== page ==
On a recent enchanted Halloween night, Amber Olvera underwent a remarkable transformation from an educator to embodying the iconic Mexican figure of “La Catrina” as part of the ‘trunk or treat” event at Meredith Nicholson Elementary School 96.
Standing next to her vehicle adorned with skeletons and other Halloween-related items, the first-year kindergarten teacher handed out candy and other treats to hundreds of families visiting the school parking lot.
Her attire was not only a visual feast for the eyes but also a heartfelt representation of the importance of cultural diversity and inclusion in the school’s community, allowing students and families to learn and appreciate the significance of this holiday and its colorful customs.
“This is one of my favorite events,” said Olvera, a familiar face at the school for many years as a parent volunteer, substitute teacher, teaching assistant, and cheerleading coach. “It’s fun to dress up and share your evening with the school’s families. The children are just so sweet here. I know they are having a wonderful time.”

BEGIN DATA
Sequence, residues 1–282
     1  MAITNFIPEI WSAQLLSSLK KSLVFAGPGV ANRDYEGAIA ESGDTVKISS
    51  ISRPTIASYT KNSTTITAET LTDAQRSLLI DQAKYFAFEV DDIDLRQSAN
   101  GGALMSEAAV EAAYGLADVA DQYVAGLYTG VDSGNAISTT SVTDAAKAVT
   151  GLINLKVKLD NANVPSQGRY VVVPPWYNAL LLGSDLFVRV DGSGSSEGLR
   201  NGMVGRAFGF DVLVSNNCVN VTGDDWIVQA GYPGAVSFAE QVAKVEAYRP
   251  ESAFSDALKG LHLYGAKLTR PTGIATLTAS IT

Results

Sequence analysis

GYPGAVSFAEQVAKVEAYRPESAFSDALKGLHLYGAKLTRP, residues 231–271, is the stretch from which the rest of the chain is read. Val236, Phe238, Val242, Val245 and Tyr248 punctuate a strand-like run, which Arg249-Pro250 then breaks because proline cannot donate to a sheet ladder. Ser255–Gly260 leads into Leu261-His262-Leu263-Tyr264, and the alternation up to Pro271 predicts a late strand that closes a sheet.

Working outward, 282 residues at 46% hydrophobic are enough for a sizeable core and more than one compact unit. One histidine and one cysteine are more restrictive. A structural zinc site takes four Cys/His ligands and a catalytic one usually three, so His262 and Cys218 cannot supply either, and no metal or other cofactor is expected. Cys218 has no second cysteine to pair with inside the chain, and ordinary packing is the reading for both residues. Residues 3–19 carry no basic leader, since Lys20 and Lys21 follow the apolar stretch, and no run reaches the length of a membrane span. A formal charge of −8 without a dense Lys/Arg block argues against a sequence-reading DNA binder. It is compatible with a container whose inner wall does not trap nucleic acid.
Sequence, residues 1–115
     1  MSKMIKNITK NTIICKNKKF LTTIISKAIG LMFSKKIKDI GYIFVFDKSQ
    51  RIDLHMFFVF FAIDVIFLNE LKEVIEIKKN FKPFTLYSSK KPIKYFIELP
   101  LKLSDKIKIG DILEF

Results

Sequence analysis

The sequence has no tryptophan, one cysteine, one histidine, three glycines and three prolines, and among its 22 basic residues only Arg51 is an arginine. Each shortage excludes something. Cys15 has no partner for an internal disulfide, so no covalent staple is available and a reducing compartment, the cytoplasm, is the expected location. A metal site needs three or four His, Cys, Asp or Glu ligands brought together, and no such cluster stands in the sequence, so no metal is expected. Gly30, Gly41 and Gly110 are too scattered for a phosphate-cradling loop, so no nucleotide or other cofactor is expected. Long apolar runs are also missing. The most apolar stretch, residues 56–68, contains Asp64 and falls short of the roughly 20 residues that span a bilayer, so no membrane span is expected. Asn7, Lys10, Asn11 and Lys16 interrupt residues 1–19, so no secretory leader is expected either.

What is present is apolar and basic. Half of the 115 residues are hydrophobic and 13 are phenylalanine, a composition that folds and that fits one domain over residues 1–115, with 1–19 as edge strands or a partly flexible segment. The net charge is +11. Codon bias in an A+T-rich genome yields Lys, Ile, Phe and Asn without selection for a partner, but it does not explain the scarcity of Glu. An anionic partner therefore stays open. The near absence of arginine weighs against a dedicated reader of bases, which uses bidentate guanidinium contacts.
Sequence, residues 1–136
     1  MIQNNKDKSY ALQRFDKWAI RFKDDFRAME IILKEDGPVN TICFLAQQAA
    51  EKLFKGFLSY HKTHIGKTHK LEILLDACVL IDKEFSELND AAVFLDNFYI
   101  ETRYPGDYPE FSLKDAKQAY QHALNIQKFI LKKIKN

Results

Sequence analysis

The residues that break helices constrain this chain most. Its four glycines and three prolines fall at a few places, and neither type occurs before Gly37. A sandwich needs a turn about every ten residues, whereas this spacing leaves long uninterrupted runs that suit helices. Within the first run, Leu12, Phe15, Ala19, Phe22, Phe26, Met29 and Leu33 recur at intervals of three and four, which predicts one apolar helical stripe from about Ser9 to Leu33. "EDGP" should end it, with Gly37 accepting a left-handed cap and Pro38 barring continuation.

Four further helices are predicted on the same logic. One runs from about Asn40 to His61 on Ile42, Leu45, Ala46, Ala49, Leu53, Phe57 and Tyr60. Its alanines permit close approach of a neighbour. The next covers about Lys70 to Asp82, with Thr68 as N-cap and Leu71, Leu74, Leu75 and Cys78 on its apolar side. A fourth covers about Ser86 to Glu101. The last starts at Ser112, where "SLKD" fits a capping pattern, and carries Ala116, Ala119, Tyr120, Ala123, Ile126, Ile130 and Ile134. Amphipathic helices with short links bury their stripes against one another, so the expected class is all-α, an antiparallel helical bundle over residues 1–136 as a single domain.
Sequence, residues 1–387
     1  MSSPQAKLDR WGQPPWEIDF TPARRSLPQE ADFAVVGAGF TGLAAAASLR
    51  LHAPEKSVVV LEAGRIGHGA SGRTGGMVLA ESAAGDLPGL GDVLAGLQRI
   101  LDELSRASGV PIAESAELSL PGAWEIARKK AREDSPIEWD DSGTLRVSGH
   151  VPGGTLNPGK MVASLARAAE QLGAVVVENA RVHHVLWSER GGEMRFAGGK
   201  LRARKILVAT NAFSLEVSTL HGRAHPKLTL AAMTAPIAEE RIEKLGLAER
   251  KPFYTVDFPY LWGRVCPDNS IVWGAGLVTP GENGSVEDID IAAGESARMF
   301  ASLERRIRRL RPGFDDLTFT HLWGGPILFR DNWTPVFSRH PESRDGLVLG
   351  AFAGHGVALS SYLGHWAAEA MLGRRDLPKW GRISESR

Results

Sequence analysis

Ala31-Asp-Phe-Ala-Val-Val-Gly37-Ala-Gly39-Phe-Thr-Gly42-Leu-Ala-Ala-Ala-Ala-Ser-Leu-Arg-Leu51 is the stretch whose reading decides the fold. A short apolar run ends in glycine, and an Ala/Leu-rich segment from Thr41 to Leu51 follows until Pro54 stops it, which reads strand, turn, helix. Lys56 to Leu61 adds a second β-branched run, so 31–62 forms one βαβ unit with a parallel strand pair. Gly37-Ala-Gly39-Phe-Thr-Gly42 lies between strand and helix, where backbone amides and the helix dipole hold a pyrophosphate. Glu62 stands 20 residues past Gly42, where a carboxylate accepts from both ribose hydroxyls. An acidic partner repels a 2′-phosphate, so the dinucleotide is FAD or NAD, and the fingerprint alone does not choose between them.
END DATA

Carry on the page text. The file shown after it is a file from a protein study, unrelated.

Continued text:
She and her husband, who is originally from Mexico, brought a rich cultural tradition to the celebration. They shared their unique way of commemorating the holiday by putting up pictures of their loved ones, a practice deeply rooted in Mexican culture by observing Day of the Dead, or Día de Muertos. From Oct. 31 through Nov. 2, families gather to remember and honor their deceased loved ones.
“These are our actual decorations from our home, and we brought them here to celebrate,” Olvera shared. “It’s my way of interacting with our Hispanic students.”
Her dedication to the event was evident as she recounted her history of participating in such celebrations. Last year, her costume was inspired by “The Nightmare Before Christmas.”
Olvera’s enthusiasm for making the kids at the school happy was heartwarming, as she expressed her love for the children and her passion for creating memorable experiences for them.
Olvera’s journey to teaching is due to the IndyTeach Apprenticeship, a no-cost, paid, fully embedded educator training program offering a path to teaching for aspiring teachers. Current IPS non-teaching staff, college graduates, or those who wish to pursue a new career in education after starting in other careers are all good candidates for this teacher certification program.
Having a bachelor’s degree in criminal justice and forensic science, she never pursued a career in that field due to its oversaturation after 9/11. It was her principal, Lashonda Huff, who encouraged her to consider teaching, and she described her experience as fun and rewarding.
“Many people might think that kindergarten is all about playing and some even think we still take naps in kindergarten, but we are way too busy learning letters, letter sounds and how to read,” Olvera said. “We have to cover a lot of curriculum every day. But I love working with these children.”